Monday, November 5, 2007

Living Spirituality Study Guide - Chapter 7

Christian spirituality is both overwhelmingly communal and intensely personal. As you read slowly and carefully through this book, we encourage you to think deeply about the questions and ideas presented. Following are some questions for discussion in a group, personal reflection, or both.

Chapter 7 – Living Spirituality in Brokenness

*  When Adam and Eve ‘eat the forbidden fruit’, so to speak, it instigates “death with God.” How does this notion of sin and its consequences gel with the cultural narrative? How can we deal with true evil in a relativistic culture?

*  As we discuss some of the patterns of covenant making (and breaking) in the Old Testament, we discover that God is a promise-making God. What are some other attributes that can be seen in these narratives?

*  The shockingly realistic portrayal of life in the Psalms encompasses the whole range of human emotion and experience, even the negative ones. Is this kind of a messy, difficult spirituality the one that is commonly ‘advertised’ by the church? Do you think that the reality of living Christian spirituality as portrayed in the Psalms would be more or less appealing to the culture both within and outside of the church? Why?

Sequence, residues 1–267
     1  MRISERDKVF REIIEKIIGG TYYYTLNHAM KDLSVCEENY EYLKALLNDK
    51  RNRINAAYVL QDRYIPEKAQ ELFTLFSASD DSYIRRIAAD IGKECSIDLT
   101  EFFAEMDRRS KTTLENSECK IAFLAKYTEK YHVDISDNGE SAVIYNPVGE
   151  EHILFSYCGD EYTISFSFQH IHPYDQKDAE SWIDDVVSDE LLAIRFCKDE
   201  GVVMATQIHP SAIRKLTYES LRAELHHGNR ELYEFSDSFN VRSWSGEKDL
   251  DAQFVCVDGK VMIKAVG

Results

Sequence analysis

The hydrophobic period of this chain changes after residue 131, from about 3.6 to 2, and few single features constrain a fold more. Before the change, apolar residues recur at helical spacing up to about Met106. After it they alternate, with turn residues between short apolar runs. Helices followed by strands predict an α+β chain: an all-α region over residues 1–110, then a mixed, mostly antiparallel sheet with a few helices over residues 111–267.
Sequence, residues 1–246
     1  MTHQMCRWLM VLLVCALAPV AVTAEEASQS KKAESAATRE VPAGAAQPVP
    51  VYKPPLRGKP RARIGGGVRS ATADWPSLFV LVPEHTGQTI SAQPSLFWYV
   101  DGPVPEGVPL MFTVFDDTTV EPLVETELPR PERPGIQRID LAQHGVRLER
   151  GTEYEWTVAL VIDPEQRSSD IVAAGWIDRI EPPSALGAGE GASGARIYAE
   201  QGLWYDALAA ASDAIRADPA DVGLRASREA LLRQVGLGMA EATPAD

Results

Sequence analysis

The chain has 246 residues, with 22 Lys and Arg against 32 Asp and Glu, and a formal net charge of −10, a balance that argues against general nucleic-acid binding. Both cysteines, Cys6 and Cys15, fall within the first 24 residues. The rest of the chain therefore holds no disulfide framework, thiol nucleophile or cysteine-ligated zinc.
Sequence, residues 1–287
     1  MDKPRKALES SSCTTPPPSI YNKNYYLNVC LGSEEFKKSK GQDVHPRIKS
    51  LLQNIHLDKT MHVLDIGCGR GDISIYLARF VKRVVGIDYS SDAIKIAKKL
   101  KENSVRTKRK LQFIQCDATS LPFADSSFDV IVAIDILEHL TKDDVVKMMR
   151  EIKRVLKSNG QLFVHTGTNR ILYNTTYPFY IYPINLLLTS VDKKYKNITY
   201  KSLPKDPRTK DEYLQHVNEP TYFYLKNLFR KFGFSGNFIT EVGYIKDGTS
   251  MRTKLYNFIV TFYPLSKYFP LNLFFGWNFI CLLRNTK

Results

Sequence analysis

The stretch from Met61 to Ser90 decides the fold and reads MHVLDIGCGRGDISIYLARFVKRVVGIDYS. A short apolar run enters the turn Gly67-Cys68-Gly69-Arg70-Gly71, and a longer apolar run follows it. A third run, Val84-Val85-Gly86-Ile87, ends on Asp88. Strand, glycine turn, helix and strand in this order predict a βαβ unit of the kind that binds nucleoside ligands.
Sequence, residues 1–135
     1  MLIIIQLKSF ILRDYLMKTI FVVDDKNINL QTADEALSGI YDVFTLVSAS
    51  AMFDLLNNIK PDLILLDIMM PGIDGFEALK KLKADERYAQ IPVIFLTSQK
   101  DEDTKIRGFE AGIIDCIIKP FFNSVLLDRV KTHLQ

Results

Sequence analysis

*  It is observed on page 60 that the prophets “intensely mourn the loss of community with God and offer a severe critique of the life of God’s people. They attempt to shake these people from their complacency and radical sinfulness in order to make them aware of their covenant responsibilities so that they might return to God and live.” Why is mourning part of this? What can the prophets teach us about some of our functions within the church? About the purpose of critique and the manner in which we make it?


Search me, O God, and know my heart; test me and know my anxious thoughts. See if there is any offensive way in me, and lead me in the way everlasting.

--Psalm 139:23-24


Suggested Map Reading:

Genesis 12; 15; 17

Job 38-42

Psalm 42; 44; 60; 71

For Further Study:

Not the Way It’s Supposed to Be: A Breviary of Sin, C. Plantinga